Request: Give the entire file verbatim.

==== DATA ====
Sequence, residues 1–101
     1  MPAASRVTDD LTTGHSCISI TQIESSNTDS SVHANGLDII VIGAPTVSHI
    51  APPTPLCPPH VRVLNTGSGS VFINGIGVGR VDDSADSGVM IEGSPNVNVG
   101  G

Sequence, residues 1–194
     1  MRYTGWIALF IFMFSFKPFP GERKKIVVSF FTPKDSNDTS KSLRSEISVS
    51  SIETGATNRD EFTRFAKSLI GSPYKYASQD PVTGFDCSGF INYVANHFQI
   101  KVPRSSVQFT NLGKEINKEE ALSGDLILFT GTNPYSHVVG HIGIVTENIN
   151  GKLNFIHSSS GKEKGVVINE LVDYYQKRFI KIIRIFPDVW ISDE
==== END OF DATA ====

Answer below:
Sequence, residues 1–101
     1  MPAASRVTDD LTTGHSCISI TQIESSNTDS SVHANGLDII VIGAPTVSHI
    51  APPTPLCPPH VRVLNTGSGS VFINGIGVGR VDDSADSGVM IEGSPNVNVG
   101  G

Sequence, residues 1–194
     1  MRYTGWIALF IFMFSFKPFP GERKKIVVSF FTPKDSNDTS KSLRSEISVS
    51  SIETGATNRD EFTRFAKSLI GSPYKYASQD PVTGFDCSGF INYVANHFQI
   101  KVPRSSVQFT NLGKEINKEE ALSGDLILFT GTNPYSHVVG HIGIVTENIN
   151  GKLNFIHSSS GKEKGVVINE LVDYYQKRFI KIIRIFPDVW ISDE